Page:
Further details from the Wanderful Media survey suggest that consumers who use mobile devices to shop may favor the customer experience in-store, but they prefer the research and savings possibilities offered online. The online shopping experience was overwhelming favored for the breadth of information available to research purchases (71% vs. 12%), the ease of finding a specific item (59% vs. 14%), and getting the best price (57% vs. 11%), among others.
Store Browsing Leads to Impulse Purchases
Notably, respondents were far more likely to favor the online path for discovering a previously unknown product (40% vs. 16%). Still, more respondents had made an impulse purchase in the last month in a store than had done so online (74% vs. 65%), suggesting that while they find new products online, they’re more likely to try something new while shopping in a store.
In fact, browsing in a store (60%) was the leading driver of impulse purchases among respondents, ahead of email promotions (42%) and window shopping (36%). Interestingly, newspaper circulars (23%) influenced more shoppers than social media channels such as Facebook (22%), Twitter (13%) and Pinterest (13%).
9 in 10 Have Visited a Store Due to An Online Experience
Of the shoppers surveyed, the vast majority (91%) said that something they have done online has spurred them to visit a store. Emails held the biggest sway: 60% said they had visited a store after receiving an email about a special price or promotion. Close behind, finding a coupon (59%), seeing an online ad for a sale (56%), searching for a product and finding a store location (55%), and browsing an online circular (52%) also did the trick for a majority.
- Of various factors that may contribute to a positive experience when shopping in-store, respondents named the absence of shipping charges (64% citing as “very important”), the ease of making a return (60%), the ability to touch, smell, and see the item to be purchased (55%), and getting the item immediately (55%) as the most important.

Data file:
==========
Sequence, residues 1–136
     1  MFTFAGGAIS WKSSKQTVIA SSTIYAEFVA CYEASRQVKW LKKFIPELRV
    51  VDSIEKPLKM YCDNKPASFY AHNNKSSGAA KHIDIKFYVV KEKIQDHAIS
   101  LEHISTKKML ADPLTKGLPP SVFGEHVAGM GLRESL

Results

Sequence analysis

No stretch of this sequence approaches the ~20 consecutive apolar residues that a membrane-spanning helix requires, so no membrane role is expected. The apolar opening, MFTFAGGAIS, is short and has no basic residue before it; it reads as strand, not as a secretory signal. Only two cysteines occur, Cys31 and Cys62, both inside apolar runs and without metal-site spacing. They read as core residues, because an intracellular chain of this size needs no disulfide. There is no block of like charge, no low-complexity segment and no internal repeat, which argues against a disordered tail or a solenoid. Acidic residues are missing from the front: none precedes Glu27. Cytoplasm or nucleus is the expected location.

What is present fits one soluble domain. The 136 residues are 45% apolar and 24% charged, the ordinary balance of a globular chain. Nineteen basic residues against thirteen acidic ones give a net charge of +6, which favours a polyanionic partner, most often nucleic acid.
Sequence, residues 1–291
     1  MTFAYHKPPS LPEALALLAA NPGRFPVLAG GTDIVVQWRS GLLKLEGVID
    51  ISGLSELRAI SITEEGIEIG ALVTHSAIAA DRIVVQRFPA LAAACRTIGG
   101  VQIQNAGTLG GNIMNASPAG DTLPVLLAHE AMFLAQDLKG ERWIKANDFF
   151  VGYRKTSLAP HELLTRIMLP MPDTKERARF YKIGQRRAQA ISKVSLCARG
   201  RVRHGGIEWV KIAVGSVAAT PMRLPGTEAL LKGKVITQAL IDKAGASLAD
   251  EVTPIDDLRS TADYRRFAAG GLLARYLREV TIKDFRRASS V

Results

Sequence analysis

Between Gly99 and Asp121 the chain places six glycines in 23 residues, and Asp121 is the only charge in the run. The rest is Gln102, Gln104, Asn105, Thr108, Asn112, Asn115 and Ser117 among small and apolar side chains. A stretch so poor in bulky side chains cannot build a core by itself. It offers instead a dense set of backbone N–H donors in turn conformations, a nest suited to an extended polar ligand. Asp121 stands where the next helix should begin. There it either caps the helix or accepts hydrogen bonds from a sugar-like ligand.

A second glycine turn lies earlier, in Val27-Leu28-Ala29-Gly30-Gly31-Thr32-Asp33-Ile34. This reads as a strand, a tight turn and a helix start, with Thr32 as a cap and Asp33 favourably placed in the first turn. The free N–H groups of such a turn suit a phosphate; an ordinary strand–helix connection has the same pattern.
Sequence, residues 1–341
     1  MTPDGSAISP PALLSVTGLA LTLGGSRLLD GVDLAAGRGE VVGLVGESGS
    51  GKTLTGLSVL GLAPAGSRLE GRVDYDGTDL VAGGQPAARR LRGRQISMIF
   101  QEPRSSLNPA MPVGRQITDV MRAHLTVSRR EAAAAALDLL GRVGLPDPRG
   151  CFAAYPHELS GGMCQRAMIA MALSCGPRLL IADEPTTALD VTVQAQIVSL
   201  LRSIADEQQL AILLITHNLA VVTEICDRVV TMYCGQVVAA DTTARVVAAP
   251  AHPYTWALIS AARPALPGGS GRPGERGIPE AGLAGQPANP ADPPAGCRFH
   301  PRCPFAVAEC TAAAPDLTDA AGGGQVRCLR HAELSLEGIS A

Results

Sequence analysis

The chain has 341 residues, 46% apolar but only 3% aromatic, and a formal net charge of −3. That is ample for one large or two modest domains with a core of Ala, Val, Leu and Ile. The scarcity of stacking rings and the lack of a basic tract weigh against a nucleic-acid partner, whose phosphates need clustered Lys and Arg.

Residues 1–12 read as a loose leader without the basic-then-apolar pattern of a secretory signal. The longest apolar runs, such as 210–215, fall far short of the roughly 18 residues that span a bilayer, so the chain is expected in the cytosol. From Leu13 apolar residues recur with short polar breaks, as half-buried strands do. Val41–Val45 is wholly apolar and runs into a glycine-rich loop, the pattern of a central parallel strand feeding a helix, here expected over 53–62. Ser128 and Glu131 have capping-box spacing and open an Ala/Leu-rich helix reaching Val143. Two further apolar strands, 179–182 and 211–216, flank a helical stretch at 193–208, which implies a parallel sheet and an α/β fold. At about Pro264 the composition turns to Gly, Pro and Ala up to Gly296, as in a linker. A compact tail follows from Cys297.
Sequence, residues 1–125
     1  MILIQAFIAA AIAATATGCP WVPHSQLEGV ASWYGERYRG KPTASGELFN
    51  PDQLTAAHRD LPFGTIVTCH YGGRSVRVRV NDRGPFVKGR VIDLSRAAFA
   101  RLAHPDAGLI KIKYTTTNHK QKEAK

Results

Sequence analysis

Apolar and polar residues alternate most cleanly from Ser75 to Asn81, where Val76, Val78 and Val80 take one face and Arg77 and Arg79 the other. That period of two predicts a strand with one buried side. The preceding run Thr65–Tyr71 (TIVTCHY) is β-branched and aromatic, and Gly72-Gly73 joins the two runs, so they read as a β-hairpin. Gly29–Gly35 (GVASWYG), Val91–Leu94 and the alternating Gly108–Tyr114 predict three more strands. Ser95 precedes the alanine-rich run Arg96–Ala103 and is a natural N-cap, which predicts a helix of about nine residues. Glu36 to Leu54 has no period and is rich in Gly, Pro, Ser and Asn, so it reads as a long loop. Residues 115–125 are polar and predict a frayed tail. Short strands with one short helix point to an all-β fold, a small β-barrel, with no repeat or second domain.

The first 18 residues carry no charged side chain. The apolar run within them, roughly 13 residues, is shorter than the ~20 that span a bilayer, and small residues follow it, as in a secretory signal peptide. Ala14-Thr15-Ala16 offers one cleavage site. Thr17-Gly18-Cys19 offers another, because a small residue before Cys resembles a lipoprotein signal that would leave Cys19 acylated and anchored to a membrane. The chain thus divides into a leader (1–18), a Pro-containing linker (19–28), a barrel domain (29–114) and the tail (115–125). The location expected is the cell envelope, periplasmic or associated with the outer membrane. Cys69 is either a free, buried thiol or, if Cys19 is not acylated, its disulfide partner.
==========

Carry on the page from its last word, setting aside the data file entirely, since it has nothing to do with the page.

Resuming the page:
- To get the most positive online shopping experience, respondents were most likely to say that the ability to compare prices from a broad range of sources (63% citing as “very important”), the depth of information to research purchases (59%), and the ability to stay home to shop (54%) were very important.
- Generally speaking, respondents preferred buying books, gifts, and consumer electronics online, and clothes, personal care products, shoes, and furniture in a store.
About the Data: The Wanderful Media data is based on an online survey conducted in December 2012 of 1027 consumers. All participants live in the United States and use a mobile device for shopping. 62% of respondents are female and a plurality (40%) are aged 36-50.
The ShopRunner survey was conducted online within the United States by Harris Interactive from December 7-11, 2012 among 3,036 adults ages 18 and older. This online survey is not based on a probability sample and, therefore, no estimate of theoretical sampling error can be calculated.
Courtesy of an article dated March 20, 2017 appearing in Lithium.com and an article dated March 30, 2017 appearing in MarketingProfs and an article dated December 17, 2012 appearing in Marketing Charts